I have one year of university left, and I was hoping to use the first semester of that year to go on exchange - the change of scenery would do me good, and when I come back I only have one semester left so it wouldn't be too hard. About 20 minutes ago, though, I just got notified that (due to issues on their end) my exchange isn't successful, so there goes that idea - and the only thing really tying me to this university. I'm not entirely sure what to do.

I have a few options in mind:

a) Continue on the volunteer/youth conference curcuit for a while. It's what I enjoy doing, but I won't really earn any money, and I have limited funds.

b) Go on a study-abroad trip with a private company. I've been accepted for one, but it's so expensive and all my money would be gone.

c) Get a job in Australia. They're there, and I have plenty of experience and drive to qualify, but visas become a hassle.

d) Go back to Malaysia. I'm not fond of that country though so I don't know what I'll do there.

e) Go back to Malaysia and implement some projects I have in mind. Slightly better choice, but I have no idea how to do so! And I still have so many things I want to experience.

f) Move to another country and do something else. Visas, again. And I'd miss my boyfriend (he's pretty supportive of me though)

g) Transfer to a university that has more of what i'm after. Most of them are in the US (the Colleges That Change Lives type unis) but I don't know if I can handle the whole rigamarole of visas and applications and academic writing and such.

h) Change my degree to Social Work, Community Development, or Human Services. I've found that this is closer to my passion than my current one (which are passions too but not as strong as these ones) but again, lots of logistical hassle, and I don't want university to kill my love for those two areas.

I'm stuck. I feel immobile. All this ideas but also all these blocks. I've been emailing people for ideas, but I have no idea where to go.

Should I stay on my degree and slog it out for another year?

Should I drop out, do the degree by distance, change degrees, change universities?

Should I travel, find work elsewhere?

Is there an International Passport for "Stateless" people like me?

What shall I do? This is the scariest thing I'ver ever considered and I don't know where to begin.
posted by divabat to Grab Bag (22 answers total) 3 users marked this as a favorite
g) Transfer to a university that has more of what i'm after. Most of them are in the US (the Colleges That Change Lives type unis) but I don't know if I can handle the whole rigamarole of visas and applications and academic writing and such.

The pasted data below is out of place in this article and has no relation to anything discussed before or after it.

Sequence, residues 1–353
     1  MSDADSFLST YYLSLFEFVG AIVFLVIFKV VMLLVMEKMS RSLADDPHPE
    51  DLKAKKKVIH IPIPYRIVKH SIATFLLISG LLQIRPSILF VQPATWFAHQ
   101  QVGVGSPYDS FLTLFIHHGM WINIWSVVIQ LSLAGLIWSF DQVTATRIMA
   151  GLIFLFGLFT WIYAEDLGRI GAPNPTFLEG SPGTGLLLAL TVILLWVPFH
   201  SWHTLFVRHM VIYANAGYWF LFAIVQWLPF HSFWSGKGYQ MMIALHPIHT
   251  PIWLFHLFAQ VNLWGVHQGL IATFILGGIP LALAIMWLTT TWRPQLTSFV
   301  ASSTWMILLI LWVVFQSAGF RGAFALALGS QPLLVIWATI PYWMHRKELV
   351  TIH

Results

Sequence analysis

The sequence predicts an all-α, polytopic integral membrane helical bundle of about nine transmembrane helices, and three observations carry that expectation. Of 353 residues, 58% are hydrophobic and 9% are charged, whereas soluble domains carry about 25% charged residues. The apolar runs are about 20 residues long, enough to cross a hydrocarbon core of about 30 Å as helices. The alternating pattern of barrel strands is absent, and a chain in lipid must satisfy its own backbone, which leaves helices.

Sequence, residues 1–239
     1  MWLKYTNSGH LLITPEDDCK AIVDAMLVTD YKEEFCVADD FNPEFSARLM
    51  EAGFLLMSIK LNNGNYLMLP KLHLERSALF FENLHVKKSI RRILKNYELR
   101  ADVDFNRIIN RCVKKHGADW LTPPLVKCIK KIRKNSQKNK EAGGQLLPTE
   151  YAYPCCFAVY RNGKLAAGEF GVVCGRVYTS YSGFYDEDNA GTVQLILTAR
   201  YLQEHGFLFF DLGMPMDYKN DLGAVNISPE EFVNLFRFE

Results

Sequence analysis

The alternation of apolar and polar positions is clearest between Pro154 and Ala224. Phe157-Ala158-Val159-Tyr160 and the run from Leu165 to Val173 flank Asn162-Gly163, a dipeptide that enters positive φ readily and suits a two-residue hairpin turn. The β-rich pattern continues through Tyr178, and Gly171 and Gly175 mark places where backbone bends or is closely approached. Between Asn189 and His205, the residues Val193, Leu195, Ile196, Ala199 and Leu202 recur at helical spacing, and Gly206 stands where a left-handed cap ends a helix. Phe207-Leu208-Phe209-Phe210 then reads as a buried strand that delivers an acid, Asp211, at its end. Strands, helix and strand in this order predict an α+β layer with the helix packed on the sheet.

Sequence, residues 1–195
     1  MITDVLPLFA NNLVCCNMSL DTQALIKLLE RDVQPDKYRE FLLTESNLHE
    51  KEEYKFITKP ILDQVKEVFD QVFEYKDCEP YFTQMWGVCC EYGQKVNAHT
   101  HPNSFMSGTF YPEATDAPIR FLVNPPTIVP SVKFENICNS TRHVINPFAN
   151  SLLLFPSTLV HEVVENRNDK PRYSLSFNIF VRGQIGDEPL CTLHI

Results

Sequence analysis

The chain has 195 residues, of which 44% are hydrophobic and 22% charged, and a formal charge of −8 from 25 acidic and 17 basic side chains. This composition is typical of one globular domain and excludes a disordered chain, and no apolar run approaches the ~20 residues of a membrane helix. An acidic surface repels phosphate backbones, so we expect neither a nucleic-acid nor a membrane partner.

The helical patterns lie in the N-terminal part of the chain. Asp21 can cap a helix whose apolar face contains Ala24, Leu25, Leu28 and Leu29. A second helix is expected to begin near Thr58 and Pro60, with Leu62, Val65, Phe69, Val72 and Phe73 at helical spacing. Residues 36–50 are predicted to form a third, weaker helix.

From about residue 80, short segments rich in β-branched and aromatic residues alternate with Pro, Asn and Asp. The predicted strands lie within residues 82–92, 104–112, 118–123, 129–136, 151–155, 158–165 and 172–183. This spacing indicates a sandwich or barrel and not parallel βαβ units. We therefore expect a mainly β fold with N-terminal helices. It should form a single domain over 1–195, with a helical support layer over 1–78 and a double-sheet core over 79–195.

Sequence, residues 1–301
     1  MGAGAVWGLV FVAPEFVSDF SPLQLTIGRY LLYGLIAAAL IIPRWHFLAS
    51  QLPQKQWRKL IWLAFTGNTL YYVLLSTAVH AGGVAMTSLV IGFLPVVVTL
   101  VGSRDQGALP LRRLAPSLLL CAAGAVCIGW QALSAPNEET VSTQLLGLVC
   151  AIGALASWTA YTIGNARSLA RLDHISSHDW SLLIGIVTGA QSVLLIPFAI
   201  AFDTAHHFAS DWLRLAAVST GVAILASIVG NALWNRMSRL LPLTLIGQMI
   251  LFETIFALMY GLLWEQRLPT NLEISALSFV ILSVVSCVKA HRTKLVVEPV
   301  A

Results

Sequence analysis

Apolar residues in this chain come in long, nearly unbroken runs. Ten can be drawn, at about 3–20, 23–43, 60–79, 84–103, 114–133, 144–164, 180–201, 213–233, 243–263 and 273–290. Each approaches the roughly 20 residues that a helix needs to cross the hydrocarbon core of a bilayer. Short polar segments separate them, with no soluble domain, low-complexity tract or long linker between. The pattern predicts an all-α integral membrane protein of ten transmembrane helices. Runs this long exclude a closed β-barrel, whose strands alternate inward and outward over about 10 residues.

You will be able to finish your last year in Oz and graduate in less time than it will take to research, apply to, and start taking classes at a US college, not to mention most schools will demand that you take at least two years of classes in residence to graduate from there; limited financial aid for foreign students; etc. So unless you have a clearer sense of why option G is the best for you, I would discount it. (Moreover, right now "Homeland Security" is doing all it possibly can to encourage bright overseas students to instead attend schools in Australia and Europe by refusing visas, adding costs, and having ridiculous delays. Getting a student visa to the US right now is not at all guaranteed, and may not be worth the trouble if you are already legal to study in Aus.)

I hate academic writing, or rather writing on command - I love research, but I'd rather be doing it on my own basis rather than on subjects I'm not so sure about.

I don't mean to be gloomy and unhelpful, but if you think academic writing is bad, and academic research is stultifying, try doing those two things on command in a cubicle for a company. Getting paid to do research "on your own basis" is called a) being independently wealthy, b) marrying well, or c) going to graduate school. (Obviously there are a bunch of other options, like freelance writing and being a resident scholar for an enlightened company, but not all that many people make those options work for them.)

But I'm not responding to the main issues here, which I think are a combination of the depression, family pressures, and a very normal sense of uncertainty about the future. I almost dropped out of college at the point you are at, and I wasn't depressed and had none of your visa issues to worry about -- it is a point that can be a real hurdle to get past.